There is plenty of brawn in the Indian economy, but its financial brain is in danger of slipping into a coma. New Delhi is loudly blaming the Wall Street plague. However, there is a good case for saying the government’s actions are adding to the epidemic. While Finance Minister P Chidambaram talks smoothly, his policy is full of rocks.
Rewind to earlier this year when double-digit inflation ravaged the country. The primary reason for that was the huge wave of foreign capital that entered the Indian economy from mid-2008. So much money sloshing around helped drive up prices. The government aggravated things by tossing more money into the pyre, spending more on pretty much everything.
The then Reserve Bank of India governor, YV Reddy, warned in June that a deficit-ridden unidirectional fiscal policy would make it difficult to fashion an anti-inflationary monetary policy. A former advisor in the Prime Minister’s Office admitted Reddy had been warning New Delhi for two years that Chidambaram’s fiscal exuberance was going to be reflected in rising prices. The governor tried to steady the boat by hiking interest rates, increasing the cash reserve ratio (CRR) of banks and issuing market stabilisation scheme (MSS) bonds to absorb the dollar inflow. He was partially successful, but he did leave the financial system with a huge kitty: Rs 1.73 trillion of MSS bonds and Rs 3 trillion in the crr.
Chidambaram spent as fast as Reddy saved. Reserve money up to the summer of this year was growing at three times the rate it did last year. The culprit for this inflationary development: government withdrawals from the RBI were nearly six times higher than the previous year. The fiscal deficit of India, including off-budget items, is a red ocean. It is possible that as much a quarter of the inflation Indians are suffering to this day can be traced back to a finance ministry running amok.
The sub-prime crisis in the US was pooh-poohed by New Delhi as a faraway problem in a faraway land. Though real estate and infotech took a few blows, this should have been largely true. The most overt impact of the West’s woes was for foreign financial institutional investors to set sail for home. But they have pulled out over $10 billion this year, hardly enough to rock a trillion-dollar economy. Yet this triggered a credit crunch in India, putting the squeeze on banking, mutual funds, the private sector and even the rupee.
The reason India is a nation searching for liquidity today is almost solely the finance ministry. Sublimely complacent about sub-prime, Chidambaram and the new RBI governor, D. Subbarao, focused on extracting money out of the system. In September and the first week of October, this duo sucked a trillion rupees out of the system. Another stratagem has been to declare lots of expenditure like farm loan waivers, oil and fertiliser subsidies; force the banking sector to pay for these subsidies and then dawdle over issuing the government compensation. These now total well over a trillion rupees — all that much less capital for banks to lend to anyone else.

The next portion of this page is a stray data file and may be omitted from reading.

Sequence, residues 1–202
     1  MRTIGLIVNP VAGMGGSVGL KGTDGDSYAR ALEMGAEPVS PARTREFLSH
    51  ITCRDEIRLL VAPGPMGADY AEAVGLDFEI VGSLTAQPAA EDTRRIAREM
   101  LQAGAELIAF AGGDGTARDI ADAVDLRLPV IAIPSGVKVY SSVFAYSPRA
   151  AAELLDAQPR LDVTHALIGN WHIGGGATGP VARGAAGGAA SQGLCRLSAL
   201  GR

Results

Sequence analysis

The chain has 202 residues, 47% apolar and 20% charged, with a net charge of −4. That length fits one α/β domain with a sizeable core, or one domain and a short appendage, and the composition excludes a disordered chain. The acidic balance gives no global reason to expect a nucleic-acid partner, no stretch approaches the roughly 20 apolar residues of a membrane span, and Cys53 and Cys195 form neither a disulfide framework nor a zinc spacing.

If there is liquidity problem in India today it is largely self-inflicted. The rupees that the diuretic duo of Chidambaram and Subbarao has released into the system, is dwarfed by the rupees they took out earlier or are hoarding. Presumably, there is logic behind all this, but right now only theories abound.
One theory is that they are still inflation obsessed. It’s still double-digit. And while the wholesale price index is declining, the rural consumer price index rose one point in August. With assembly elections around the corner and a general election around the block, the UPA is in a frenzy about prices.
Economic policies can take months to bear fruit. What is clear is that sinking global prices will temper inflation over the coming months. As the Finance Ministry’s economic advisor Arvind Virmani has noted, the three main sources of rising prices — edible oil, petroleum products, and iron and steel — are all southbound. Even Chidambaram seems to realise inflation is yesterday’s problem and has said, “The root cause of the present uncertainty is liquidity.”
Another theory is that they want to avoid a run on the rupee. The rupee’s 16 per cent fall this year is the worst tumble since 1991. The RBI is intervening to keep it from piercing the 50-to-a-dollar barrier. At a time when Indian exporters of both goods and services locked themselves into forward dollar trades that assumed the rupee would rise, a rupee in free fall would wreak havoc across the market. It would also cause a trade deficit detonation as oil imports became costlier.
Yet, the rising dollar reflects a shortage of dollars in the system and India happens to be sitting on a record foreign exchange reserve buffer. It exists for such times, but needs to be used credibly.
Finally, there is a view that Chidambaram wants to make the government’s books look better than they are when Parliament meets this week-end. Hence his delayed subsidy compensation. And hence his aggressive collection of advance taxes even though this makes credit scarcer. Note that when Virmani was asked what he thought was the biggest threat to the economy, he said, “I am unable to discuss” because it has to be put in Parliament — the fiscal situation. Brace for bad numbers. Once all accounts are squared, the fiscal deficit may be heading for 10 per cent of GDP.
The finance minister’s pattern seems to be to do the opposite of what the textbooks recommend. When inflationary clouds collected on the horizon, he decided to seed the air with money. When a credit drought struck, he began hoarding liquidity. In between, he has ensured the government’s coffers are filled with debt. As one senior representative of India Inc commented, “Chidambaram is okay in a status quo situation. In a crisis he doesn’t have what it takes.”